- Doctor Who has not only the new series Christmas Episode "Voyage of the Damned", one of the aforementioned Space Titanics, but also the 1983 Fifth Doctor serial "Enlightenment", where he and his companions find themselves on board a Sufficiently Advanced Alien Edwardian ship in space, powered via solar sails, which is participating in a race around the planets, along with other such ships from different periods from human history, including a Greek trireme...with rowers.
- Voyage of the Damned could be justified, though, since the aliens purposely made it to look like the Titanic, and many other spaceships in the series look nothing like boats. In other words, it doesn't look like a boat because space is an ocean, it looks like a boat because they wanted it to. The aliens, that is, not just the script writers.
- Star Fleet gives us the Skull, a space going pirate ship complete with sails.
- Gokai Galleon from Kaizoku Sentai Gokaiger, the Space Pirate Super Sentai. It's the Red Ranger's mecha, the central piece to the Combining Mecha, and the team's ride.
- Commander Sisko from Star Trek: Deep Space Nine built a lightship that employed a solar sail for propulsion - Bajorans had even traveled faster than light with these contraptions. At one point in the episode, Sisko even talks about "tacking" with his solar sailing space ship—something impossible to do without a denser medium (like an ocean surface) to sink a keel into.
- One can argue about whether it should be called tacking, but you *can* use solar gravity to sail 'upstream' against the sunlight. (I almost said the solar wind, but those are charged particles, not the photons solar sails use.)
- This was the whole point of the Dungeons & Dragons Spelljammer setting. In this case, it wasn't interstellar space so much as interplanar space. Somewhat justified in that the whole thing is done by magic. Also, sails only provide maneuverability—conventional means of propulsion has the same performance when strapped on almost any object of acceptable size.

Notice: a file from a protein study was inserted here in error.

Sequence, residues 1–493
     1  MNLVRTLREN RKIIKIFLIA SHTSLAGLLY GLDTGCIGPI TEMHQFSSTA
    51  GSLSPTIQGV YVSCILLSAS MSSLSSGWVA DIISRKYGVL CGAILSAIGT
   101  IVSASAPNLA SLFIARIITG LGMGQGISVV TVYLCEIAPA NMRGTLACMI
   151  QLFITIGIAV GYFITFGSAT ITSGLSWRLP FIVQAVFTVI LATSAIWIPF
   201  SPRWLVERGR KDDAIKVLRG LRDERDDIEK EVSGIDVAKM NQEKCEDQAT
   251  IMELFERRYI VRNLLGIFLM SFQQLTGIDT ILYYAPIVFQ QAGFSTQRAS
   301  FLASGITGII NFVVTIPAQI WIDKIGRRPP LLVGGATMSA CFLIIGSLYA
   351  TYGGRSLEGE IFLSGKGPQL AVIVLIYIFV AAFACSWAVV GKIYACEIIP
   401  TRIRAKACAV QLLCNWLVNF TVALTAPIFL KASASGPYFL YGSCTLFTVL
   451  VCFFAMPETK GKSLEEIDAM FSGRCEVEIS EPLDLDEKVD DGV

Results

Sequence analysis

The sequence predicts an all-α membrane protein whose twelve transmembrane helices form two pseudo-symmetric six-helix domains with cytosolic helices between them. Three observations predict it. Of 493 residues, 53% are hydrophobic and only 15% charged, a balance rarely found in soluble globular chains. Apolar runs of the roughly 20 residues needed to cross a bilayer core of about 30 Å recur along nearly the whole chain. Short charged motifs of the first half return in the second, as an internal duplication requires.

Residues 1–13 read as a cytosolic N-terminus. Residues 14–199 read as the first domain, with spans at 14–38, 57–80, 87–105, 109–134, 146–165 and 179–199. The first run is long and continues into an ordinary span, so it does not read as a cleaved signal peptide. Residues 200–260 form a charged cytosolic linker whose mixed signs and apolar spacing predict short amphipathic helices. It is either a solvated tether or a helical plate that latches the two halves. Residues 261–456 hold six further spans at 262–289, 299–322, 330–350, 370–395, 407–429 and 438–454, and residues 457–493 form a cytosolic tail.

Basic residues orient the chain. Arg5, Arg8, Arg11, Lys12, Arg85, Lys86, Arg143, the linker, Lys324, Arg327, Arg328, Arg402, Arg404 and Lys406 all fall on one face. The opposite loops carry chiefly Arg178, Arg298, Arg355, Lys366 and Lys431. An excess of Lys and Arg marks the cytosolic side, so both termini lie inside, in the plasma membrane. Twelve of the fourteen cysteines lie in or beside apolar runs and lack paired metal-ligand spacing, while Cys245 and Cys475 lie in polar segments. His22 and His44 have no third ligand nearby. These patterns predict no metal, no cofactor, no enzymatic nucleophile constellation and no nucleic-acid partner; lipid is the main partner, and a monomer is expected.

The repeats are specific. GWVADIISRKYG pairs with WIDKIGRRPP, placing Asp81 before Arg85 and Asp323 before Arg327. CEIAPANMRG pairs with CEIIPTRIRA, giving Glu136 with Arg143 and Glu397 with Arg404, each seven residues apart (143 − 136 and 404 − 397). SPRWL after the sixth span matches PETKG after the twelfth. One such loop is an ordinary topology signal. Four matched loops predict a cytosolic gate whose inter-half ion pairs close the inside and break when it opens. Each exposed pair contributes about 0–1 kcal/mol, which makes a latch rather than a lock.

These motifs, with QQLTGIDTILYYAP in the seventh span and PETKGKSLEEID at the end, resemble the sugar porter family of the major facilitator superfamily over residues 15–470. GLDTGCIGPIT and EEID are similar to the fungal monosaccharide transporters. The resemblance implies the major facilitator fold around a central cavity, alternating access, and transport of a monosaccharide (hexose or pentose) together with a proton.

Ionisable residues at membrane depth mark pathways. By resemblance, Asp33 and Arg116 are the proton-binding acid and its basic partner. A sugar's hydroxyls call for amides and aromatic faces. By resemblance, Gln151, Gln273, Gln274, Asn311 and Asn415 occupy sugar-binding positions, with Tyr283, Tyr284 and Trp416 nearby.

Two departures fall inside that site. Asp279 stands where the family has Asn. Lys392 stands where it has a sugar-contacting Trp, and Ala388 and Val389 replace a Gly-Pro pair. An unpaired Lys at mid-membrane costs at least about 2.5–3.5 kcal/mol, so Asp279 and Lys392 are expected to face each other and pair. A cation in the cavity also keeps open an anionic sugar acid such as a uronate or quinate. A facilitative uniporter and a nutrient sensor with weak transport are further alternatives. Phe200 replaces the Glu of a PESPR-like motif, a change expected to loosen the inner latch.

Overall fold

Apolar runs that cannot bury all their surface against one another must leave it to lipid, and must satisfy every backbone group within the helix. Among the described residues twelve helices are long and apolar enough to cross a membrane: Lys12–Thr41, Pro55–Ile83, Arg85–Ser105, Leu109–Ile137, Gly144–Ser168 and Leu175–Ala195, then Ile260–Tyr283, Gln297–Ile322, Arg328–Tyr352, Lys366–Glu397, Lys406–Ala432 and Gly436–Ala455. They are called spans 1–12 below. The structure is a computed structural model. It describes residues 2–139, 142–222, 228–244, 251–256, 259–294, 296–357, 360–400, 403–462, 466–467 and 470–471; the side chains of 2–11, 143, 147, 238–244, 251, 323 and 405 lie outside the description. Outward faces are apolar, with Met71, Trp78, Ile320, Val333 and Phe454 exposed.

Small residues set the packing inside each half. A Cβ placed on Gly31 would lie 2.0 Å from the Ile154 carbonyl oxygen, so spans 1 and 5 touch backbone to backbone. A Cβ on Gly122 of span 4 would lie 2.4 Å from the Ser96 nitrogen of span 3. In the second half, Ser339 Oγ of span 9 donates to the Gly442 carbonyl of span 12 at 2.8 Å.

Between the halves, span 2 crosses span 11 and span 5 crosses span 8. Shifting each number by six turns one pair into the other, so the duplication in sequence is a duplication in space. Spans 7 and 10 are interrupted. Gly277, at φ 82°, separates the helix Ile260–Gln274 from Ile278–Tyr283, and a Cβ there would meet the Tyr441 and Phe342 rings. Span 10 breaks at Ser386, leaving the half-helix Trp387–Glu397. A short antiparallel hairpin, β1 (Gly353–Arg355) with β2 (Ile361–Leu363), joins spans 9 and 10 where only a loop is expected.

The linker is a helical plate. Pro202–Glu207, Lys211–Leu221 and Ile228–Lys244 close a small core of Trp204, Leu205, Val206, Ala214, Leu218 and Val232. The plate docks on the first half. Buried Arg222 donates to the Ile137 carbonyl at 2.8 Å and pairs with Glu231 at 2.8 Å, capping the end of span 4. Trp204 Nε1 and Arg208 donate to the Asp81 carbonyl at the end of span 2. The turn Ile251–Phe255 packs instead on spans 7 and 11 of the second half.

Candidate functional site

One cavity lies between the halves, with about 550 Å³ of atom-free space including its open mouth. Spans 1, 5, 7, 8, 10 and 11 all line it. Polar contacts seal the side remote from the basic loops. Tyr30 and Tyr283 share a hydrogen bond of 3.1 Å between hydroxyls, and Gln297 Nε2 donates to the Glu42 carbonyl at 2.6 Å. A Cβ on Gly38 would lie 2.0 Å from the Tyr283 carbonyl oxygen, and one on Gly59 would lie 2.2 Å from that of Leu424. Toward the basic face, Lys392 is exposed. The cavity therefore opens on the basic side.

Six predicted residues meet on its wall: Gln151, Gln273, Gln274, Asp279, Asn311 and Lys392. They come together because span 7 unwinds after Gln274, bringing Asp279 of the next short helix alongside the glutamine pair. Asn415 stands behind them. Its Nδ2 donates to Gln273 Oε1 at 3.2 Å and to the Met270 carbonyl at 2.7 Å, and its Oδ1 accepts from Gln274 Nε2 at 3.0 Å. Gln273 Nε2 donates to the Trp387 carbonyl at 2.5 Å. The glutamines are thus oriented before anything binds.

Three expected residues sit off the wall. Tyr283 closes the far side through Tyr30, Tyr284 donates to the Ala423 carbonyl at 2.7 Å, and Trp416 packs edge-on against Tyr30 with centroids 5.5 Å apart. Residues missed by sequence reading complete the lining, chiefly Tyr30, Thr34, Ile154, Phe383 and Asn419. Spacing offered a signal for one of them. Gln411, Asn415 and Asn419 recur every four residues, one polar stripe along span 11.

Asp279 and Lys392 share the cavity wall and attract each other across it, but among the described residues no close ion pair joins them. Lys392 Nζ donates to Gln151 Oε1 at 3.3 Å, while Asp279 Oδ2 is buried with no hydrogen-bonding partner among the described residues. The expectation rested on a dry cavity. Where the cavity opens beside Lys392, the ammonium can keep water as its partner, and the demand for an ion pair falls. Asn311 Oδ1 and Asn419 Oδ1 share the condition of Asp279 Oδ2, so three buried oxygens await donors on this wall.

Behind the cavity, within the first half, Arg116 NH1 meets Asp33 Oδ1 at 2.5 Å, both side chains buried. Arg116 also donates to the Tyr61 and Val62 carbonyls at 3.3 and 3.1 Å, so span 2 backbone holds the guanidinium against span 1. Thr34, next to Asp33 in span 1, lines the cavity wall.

- The Eldar of Warhammer 40,000's ships use solar sails for propulsion... which means that if you play as them in the space combat spin-off, Battlefleet Gothic, you'll have to keep track of which side of the table is sunward and adjust your movement rates accordingly.
- In the regular 40k, Dark Eldar skimmers fit the trope to a T. Especially fifth edition ones released in November 2011.
- GURPS: Spaceships discusses solar sails. You can even give space boats wooden hulls if the setting demands it or the characters are incredibly desperate.
- One example is the Star Galleon which uses astral sails to move through space and designed to sail on a normal sea.
- The "Oceans Unmoving" storyline in Sluggy Freelance. This one wasn't space either, but flying sailing ships in a place outside time itself, which sailed above the frozen oceans of the title.
- This one was an interesting variation in that, although the ships' hulls looked like those of sailing ships, they could have masts on the bottom as well with additional sails.
- Oceans in the Sky features, very prominently, a sailing ship capable of space travel as a plot point.
- Grandpa's battleship in Homestuck, though The Medium is not exactly space. The white and black armies have such ships as well.
- The Douglas Adams game/novel Starship Titanic, one of the aforementioned Space Titanics. This particular ship also got a mention in Life, The Universe, And Everything.
- The RPG Rogue Galaxy.
- The airships in Super Mario Galaxy? Usually found in the sky, the game has Bowser's airship fleet flying through space in quite a few of the levels, notably Bowser Jr's Airship Armada.
- Vega Strike has Hidalgo. It's built by the Highborn faction as a luxury yacht, so extra-extra-fancifulness is to be expected. Space Pirates apparently like to misappropriate such vessels.
- At least one freighter model in Tachyon the Fringe has a strong resemblance to oceangoing ships.
- Futurama, the Space Titanic episode "A Flight to Remember". It survived Zapp Brannigan's decision to take it through a field of comets ("Ah, yes, comets, the ice-bergs of the sky!"), but then he had to steer it near "that black-ish, hole-ish thing". Also, a Dark Matter Tanker appears in "The Birdbot of Ice-Catraz" and a Pirate ship at the beginning of "Godfellas".
- Duck Dodgers featured a spaceship designed to look like an eighteenth-century pirate ship assaulting a spaceship designed to look like a nineteenth-century cruise liner. Also, the Klunkian (not Klingon) warship resembles a Viking longship, complete with oars.
- Codename: Kids Next Door had this when the candy pirates "modified" their ship for space travel (modifications consisted of an air bubble...thing and engines
- The 3-2-1 Penguins! episode "Runaway Pride at Lightstation Kilowatt" featured an entire setup of this, with a giant cargo spaceship and a lighthouse-like beacon that was set up on a beach-like asteroid with energy waves floating off of it.